AN independent Scotland would provide an “escape route” from Brexit, Ian Blackford has underlined as SNP figures step up the case for leaving the Union.

Responding to the Prime Minister’s statement yesterday on her talks with opposition parties following her humiliating defeat on the withdrawal deal last week, the SNP’s Westminster leader argued people north of the Border had an alternative to the political crisis.

“In Scotland, we have another choice ... We did not vote for Brexit. We will not be dragged out of Europe by a Tory Government we did not vote for. We might not be able to save the UK, but we can save Scotland,” he said.

“We have an escape route from the chaos of Brexit, an independent Scotland. Scottish independence will result in our country being a destination in Europe, a country at the heart of Europe while the rest of the UK turns inward, isolated from its European neighbours. Mr Speaker we want no part of it.”

Blackford is the latest politician on the Yes side to ramp up the case for independence and comes after the First Minister said she would announce her timetable on a second independence vote in weeks. On Sunday, her predecessor Alex Salmond said there was no better time than now for a new vote as Westminster was at its weakest, while SNP MP Angus MacNeil and former SNP MP George Kerevan have argued the First Minister should act swiftly. Ross Greer, the Scottish Greens MSP, has also called on the First Minister to call a second independence referendum however Brexit unfolds.

May rejected calls for a second EU referendum, saying such vote would “strengthen the hand of those who wish to break up the UK”. She did not give a reason for her statement, but it could be argued if she agreed to a second EU referendum, it would weaken her opposition to a second independence referendum. The PM also promised to take a more “flexible, open and inclusive” approach to involving Parliament and the devolved nations in negotiating a future relationship with the EU as she seeks to revive her withdrawal agreement.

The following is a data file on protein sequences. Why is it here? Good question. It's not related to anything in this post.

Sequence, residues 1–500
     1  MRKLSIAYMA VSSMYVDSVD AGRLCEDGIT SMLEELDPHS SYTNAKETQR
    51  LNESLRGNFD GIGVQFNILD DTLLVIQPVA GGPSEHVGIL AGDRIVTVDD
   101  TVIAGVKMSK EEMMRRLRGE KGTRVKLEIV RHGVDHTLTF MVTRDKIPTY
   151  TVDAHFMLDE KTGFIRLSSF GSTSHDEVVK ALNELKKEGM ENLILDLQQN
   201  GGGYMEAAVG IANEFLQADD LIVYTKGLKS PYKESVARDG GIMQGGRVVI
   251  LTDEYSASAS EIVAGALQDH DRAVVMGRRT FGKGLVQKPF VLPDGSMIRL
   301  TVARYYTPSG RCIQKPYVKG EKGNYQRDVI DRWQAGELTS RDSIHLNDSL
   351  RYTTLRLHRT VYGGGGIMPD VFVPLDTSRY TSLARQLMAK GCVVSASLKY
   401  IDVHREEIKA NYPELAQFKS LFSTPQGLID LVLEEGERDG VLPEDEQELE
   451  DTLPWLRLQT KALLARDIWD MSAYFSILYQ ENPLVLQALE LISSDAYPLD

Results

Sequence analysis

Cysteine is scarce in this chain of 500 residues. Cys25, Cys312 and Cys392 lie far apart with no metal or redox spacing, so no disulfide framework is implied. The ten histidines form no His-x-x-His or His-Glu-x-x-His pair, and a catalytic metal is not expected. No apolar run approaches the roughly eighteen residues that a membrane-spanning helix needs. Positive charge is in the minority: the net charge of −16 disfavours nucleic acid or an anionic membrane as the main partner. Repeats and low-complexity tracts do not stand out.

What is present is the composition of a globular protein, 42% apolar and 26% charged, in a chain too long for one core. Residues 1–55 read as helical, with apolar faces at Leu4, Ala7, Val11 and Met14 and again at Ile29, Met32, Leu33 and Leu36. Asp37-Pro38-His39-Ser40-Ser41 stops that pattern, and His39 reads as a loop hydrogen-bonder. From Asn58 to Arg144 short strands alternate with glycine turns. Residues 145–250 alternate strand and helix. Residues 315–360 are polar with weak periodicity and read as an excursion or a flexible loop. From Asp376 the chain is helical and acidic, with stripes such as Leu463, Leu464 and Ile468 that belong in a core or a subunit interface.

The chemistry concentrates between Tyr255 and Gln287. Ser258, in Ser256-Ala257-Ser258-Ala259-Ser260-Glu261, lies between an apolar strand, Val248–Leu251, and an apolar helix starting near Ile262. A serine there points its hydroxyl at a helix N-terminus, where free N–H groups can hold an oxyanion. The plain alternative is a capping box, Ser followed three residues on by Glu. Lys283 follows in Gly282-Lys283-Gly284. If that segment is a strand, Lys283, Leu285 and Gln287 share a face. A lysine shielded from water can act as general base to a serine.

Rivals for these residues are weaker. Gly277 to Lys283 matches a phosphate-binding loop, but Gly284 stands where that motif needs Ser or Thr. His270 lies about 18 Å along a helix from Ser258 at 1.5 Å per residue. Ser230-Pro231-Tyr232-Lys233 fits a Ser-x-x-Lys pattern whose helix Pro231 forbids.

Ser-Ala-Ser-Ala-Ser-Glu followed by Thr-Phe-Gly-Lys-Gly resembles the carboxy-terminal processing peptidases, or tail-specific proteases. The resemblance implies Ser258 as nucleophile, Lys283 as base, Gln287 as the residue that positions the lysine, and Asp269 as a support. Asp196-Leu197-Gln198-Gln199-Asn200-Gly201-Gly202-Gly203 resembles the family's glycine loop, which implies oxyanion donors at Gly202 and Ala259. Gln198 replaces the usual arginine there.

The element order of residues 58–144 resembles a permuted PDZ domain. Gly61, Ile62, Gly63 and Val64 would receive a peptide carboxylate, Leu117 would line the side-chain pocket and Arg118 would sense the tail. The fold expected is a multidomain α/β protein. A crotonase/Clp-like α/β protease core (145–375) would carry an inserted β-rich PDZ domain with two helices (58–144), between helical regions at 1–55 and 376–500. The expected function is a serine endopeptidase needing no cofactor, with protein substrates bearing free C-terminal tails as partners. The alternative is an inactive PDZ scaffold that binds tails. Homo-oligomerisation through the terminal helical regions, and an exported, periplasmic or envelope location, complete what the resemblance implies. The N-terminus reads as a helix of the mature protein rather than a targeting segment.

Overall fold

Sturgeon expressed scepticism about May’s remarks, tweeting: “Fair to say we’ve had empty and undelivered promises like this for two and half years now – will be interested to hear what’s going to be different now, but experience tells me to be very sceptical.”

May said she would conduct further talks this week on the backstop to find an arrangement to take back to Brussels that meets obligations to the people of Northern Ireland and Ireland “in a way that can command the greatest possible support in the House”. She also offered a guarantee that workers’ rights and environmental safeguards would not be eroded as a result of Brexit. And she scrapped the £65 fee for EU nationals wishing to remaining in the UK with “settled status”. But she also refused to take a “no deal” Brexit off the table, saying the only way to do this was either to agree a deal or to revoke the Article 50 withdrawal process, which she was not willing to do. May dismissed reports she was considering rewriting the Good Friday Agreement to get around the issue following a report she was considering doing so.

Meanwhile, Irish foreign minister Simon Coveney said he received assurances the EU remains “firmly supportive” of the withdrawal agreement including its guarantees of no hard border.

Poland’s foreign minister Jacek Czaputowicz signalled a different approach: “If Ireland asked the EU to amend the agreement with the British on the backstop so that it would apply temporarily – let’s say five years – the matter would be solved.”